late this time and little too. The river has almost dried up. You can see the parched bed at some places. God only knows what’s happening”, he said, eager to share whatever news he had.
“Ha, God help the people and this place”, the mother sighed.
The sultry weather and the cloudless sky gave no hopes for early rains. Even the birds and the trees seemed to understand that the rains were far from near and that there was not going to be respite from the heat anytime soon. It seemed as if they preferred instant death to the excruciating heat that was killing them day by day.
The mother’s mind wandered listlessly as she thought of mundane things, mumbled prayers and slowly dozed off. In her dreams she saw green dense forests, blue lagoons with fish darting under its placid surface, rainbows and the grassy hillocks. She smelt the fresh damp air and she felt herself fifty years younger.
She was the young bride coming into this rustic village. The people, neighbours and friends, threw flowers at her and her husband as they welcomed the new couple. Her husband had many acres of paddy fields and also worked on these fields along with other workers and family members. She worked hard on the soil, alongside her husband. And the harvest was good, year on year.
She saw the lush green hillocks to which her husband and she often ran off to escape the prying eyes of the elders of the house and others and to have some private romantic moments together, amidst the songs of the cuckoos and the cries of the squirrels.
“Amma, why can’t you go in and sleep. You are embarrassing us by sitting and sleeping outside. Go in and use the cot.” She was rudely jostled awake by her daughter-in-law.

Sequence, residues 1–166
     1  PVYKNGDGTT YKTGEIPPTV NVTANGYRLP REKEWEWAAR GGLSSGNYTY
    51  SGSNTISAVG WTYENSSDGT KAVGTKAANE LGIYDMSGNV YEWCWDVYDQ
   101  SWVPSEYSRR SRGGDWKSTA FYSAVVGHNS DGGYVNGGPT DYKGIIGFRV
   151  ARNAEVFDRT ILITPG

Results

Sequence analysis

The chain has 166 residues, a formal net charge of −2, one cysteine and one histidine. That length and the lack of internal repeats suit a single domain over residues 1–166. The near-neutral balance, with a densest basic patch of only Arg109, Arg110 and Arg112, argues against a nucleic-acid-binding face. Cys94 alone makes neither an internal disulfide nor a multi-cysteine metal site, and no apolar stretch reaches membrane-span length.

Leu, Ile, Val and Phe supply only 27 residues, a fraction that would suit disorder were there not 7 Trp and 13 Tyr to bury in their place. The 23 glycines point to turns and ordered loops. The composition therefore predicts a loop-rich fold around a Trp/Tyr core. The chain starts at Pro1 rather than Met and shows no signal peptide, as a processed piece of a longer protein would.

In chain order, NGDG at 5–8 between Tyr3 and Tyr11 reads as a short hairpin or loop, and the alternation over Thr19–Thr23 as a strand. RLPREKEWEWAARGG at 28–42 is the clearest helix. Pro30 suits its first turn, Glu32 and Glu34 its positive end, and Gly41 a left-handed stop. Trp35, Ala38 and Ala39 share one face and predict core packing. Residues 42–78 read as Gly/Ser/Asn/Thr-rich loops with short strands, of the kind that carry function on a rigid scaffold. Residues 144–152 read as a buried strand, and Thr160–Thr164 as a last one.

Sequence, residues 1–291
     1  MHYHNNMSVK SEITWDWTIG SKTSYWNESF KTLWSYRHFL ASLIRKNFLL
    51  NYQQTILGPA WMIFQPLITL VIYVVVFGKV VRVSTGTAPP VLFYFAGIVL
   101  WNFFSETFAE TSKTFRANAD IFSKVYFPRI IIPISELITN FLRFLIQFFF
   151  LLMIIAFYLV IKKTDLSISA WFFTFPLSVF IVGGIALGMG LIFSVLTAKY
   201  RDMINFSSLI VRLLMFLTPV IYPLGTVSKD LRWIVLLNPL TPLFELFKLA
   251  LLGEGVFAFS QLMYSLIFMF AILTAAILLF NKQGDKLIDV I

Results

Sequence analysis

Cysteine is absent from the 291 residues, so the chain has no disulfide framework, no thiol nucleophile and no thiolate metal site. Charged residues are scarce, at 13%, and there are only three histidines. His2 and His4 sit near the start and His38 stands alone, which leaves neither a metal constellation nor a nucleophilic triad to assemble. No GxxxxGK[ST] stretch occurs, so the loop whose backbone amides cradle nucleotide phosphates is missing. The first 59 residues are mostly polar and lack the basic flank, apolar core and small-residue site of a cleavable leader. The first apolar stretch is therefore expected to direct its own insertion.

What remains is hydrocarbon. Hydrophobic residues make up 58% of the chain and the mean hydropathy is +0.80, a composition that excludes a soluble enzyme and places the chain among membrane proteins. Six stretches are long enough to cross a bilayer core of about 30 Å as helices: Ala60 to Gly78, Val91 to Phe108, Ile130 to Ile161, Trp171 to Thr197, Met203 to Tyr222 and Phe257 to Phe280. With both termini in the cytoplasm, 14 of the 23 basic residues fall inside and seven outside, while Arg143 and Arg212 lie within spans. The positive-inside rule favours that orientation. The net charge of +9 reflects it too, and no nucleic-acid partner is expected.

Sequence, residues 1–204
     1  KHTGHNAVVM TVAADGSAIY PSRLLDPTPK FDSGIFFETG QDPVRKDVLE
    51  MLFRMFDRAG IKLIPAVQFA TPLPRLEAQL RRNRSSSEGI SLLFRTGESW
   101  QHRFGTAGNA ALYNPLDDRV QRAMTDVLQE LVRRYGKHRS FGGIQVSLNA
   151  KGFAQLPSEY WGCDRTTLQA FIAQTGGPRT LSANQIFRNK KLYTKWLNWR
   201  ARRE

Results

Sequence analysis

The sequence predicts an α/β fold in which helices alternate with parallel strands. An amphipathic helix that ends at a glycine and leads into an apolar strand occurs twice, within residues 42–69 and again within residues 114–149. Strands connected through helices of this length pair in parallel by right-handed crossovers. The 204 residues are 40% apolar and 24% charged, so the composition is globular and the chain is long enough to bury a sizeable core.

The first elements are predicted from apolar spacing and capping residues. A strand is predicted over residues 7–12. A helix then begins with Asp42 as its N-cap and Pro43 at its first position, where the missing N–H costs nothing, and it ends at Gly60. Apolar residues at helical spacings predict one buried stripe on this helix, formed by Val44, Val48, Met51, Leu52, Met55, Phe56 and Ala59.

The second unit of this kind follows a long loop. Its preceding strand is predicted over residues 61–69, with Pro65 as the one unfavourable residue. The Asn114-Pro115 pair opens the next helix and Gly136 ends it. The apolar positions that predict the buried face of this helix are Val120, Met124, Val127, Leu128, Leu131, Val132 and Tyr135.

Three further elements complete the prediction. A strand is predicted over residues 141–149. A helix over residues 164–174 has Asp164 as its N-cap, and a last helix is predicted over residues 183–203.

She looked around. There were no squirrels and no cuckoo singing. The only sounds were from the blaring horns of vehicles passing by and the concrete mixer working furiously to crush gravel for the 23 storey building rising opposite their house.
She sighed and remembered that there were no more hillocks and no more patches of forests. The hillocks had been levelled for the black smoke-blowing industries to grow and the trees felled to make way for building so huge that they almost touched the sky. And man was the conqueror having scaled heights that almost reached the heavens of gods. But their foundations were also as deep as the depths of hell. The large meandering river that flowed through the heart of village too had been diverted for use at many of these places and the ordinary man was left high and parched.
After her husband died, her sons too had sold off the agricultural land to owners of factory and to construction companies. In return, some got employment in those factories while others were allocated 1000 square feet apartments in the sky-rises. Her youngest son, with whom she stayed now, too was expecting to move out to one such apartment soon and she was to be sent off to some old age home in Benares or Kashi.
The village had grown to be a city and so had man grown to be more heartless than the beast. All that there was in the village and the farms was plundered to make way for the concrete jungles. And man continued unbothered his life of luxury and extravagance even as the coffers of Mother Nature started drying up. She had seen it happening in her own house and elsewhere.
Man had taken things like rain and sunshine for granted too often and for too long. The limits were probably crossed long ago but a Mother’s patience had endured so far and so long but probably not any more.
And she walked in, half bent from the years of toil in the fields and kitchen, even as her energy ebbed, in the scorching heat that the Earth was reeling under. ******